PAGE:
Iraqi President Jalal Talabani, a key figure who has long sought to bridge bitter divides in his war-scarred country, arrived in Germany Thursday for treatment after he suffered a stroke.
German Foreign Minister Guido Westerwelle said Talabani, 79, was in the country for medical care.
"I can confirm that Iraqi president Talabani is in Germany for medical treatment," Westerwelle said in a brief statement. "I sincerely wish him a quick and full recovery."
A spokeswoman for Berlin's Charite, one of Europe's largest university hospitals, told AFP that he was receiving treatment there but declined to provide further details.
Talabani, who has had a series of health problems in recent years, was hospitalised late Monday after what state television reported was a stroke, and doctors have since said that his condition has improved.
The president's office said earlier that he had left Medical City hospital in Baghdad for Germany "under the care of a specialised medical team", adding that the treatment he received in Iraq had "provided the appropriate circumstances for the transfer of his excellency outside the country to continue his treatment in Germany".
Germany, Europe's top economy, has a number of world-class medical institutions and foreign dignitaries frequently seek out clinics in the country for care.
Talabani's health has major political implications in Iraq, where he has sought to bring together various feuding politicians, Sunni and Shiite Muslims, and Arabs and Kurds.
"Jalal Talabani is a crucial joining-link between Iraqi Kurdistan and Baghdad," International Crisis Group analyst Maria Fantappie said of the autonomous Kurdish region in northern Iraq, which is at odds with Baghdad over a number of issues.
"President Talabani has been crucial in mediating between the two sides and ensuring the continuation of dialogue between Kurds and the central government," said Fantappie.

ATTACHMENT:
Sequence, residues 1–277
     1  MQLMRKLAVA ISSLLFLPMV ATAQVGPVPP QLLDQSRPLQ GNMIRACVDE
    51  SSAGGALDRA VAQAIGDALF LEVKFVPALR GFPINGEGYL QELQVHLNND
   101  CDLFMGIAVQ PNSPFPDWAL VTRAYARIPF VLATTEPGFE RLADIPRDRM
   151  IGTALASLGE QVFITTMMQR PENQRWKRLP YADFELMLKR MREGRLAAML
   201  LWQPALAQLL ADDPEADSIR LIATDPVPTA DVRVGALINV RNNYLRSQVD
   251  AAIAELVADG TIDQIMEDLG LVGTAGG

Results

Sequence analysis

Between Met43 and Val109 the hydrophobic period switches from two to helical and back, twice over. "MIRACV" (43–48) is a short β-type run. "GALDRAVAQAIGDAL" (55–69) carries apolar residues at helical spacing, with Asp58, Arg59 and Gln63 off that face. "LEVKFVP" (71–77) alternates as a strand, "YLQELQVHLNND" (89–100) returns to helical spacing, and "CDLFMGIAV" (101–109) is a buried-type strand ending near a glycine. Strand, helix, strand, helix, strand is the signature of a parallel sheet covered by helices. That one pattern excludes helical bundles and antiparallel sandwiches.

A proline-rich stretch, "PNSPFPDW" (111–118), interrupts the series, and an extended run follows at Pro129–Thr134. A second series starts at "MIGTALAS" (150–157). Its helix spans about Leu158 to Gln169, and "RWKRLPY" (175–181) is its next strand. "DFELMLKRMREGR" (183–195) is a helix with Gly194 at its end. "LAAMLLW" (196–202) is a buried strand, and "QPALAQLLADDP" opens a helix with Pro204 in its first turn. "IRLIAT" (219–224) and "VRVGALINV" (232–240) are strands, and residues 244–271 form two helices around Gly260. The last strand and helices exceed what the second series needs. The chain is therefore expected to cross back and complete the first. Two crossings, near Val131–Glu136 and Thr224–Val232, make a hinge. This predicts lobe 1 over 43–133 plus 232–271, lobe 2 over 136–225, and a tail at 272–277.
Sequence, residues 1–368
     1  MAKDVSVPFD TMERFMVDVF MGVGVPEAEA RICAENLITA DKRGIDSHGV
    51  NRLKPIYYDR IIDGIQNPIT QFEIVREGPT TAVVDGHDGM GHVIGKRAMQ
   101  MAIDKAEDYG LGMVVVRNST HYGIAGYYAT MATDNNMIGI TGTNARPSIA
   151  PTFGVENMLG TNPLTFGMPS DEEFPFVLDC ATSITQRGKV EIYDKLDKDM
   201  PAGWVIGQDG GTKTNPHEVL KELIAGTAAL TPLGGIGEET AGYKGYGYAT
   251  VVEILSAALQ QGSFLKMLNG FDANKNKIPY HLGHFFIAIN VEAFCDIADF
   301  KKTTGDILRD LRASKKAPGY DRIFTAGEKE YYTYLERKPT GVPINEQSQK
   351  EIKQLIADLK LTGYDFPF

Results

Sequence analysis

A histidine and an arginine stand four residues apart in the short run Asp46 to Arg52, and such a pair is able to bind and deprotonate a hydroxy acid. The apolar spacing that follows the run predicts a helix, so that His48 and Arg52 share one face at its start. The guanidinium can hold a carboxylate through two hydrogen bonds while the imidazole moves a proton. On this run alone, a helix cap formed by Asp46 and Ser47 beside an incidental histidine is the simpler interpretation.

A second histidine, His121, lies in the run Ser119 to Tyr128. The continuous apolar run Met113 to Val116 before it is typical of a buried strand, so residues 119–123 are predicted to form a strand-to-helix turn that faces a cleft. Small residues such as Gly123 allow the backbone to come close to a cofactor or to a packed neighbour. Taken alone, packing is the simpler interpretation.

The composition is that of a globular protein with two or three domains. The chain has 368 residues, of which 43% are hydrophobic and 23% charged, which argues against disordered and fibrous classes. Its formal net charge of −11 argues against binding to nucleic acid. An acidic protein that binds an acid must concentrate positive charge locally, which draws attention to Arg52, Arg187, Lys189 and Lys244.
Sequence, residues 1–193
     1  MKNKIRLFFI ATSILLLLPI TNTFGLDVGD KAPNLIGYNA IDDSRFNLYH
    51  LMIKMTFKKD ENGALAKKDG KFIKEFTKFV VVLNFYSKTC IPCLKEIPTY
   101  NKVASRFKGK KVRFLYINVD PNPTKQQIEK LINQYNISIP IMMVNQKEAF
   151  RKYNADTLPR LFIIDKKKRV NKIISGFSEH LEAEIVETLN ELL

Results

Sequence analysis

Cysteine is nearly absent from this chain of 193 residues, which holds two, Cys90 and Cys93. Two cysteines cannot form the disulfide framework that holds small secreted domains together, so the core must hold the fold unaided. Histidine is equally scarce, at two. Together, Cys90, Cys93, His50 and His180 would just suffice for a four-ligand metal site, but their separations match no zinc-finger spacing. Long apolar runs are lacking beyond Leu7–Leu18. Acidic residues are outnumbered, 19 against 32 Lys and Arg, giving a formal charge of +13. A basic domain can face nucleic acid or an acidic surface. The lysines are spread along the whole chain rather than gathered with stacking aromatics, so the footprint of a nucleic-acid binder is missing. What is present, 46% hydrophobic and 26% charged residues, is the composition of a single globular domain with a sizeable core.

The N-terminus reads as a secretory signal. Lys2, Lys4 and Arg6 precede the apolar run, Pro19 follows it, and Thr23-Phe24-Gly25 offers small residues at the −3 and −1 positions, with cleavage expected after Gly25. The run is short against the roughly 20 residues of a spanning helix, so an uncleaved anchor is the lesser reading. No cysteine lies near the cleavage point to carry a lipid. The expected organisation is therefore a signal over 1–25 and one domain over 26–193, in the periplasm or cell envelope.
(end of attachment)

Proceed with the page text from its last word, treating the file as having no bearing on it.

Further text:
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John Drake, an analyst with AKE Group, said: "While on paper his role is somewhat limited, his influence and mediation skills have gone a long way in smoothing over the country's troubled political scene.
"Some may describe his position as 'ceremonial' but he has made it a lot more active, simply through dialogue and discussion, which play a strong role in Iraqi politics," said Drake.
Crispin Hawes of research and consulting group Eurasia said Talabani's absence could have an impact on that dialogue.
"The deteriorating health of Iraqi President Jalal Talabani is creating potential political problems, but Prime Minister Nuri al-Maliki will see the situation as an opportunity to exert leverage on senior Kurdish and Sunni Arab politicians," he said.
Under Iraq's constitution, the vice president takes over if the post of president becomes vacant for any reason, and a new president must be elected by parliament within 30 days.
Vice President Khudayr al-Khuzaie would likely take charge temporarily if Talabani dies or leaves office.
Iraq's other vice president, Tareq al-Hashemi, is a fugitive who has been given multiple death sentences for charges including murder.
Talabani, who was born in November 1933, underwent successful heart surgery in the United States in August 2008. The previous year, he was evacuated to neighbouring Jordan for treatment for dehydration and exhaustion.
He has also travelled to clinics in Europe in the past for treatment for a variety of ailments.
Talabani has been a key figure for decades, first as a Kurdish rebel and political leader, and as president since 2005, two years after Saddam Hussein was ousted.
During the past year, he has repeatedly sought to convene a national conference aimed at reconciling feuding Iraqi leaders.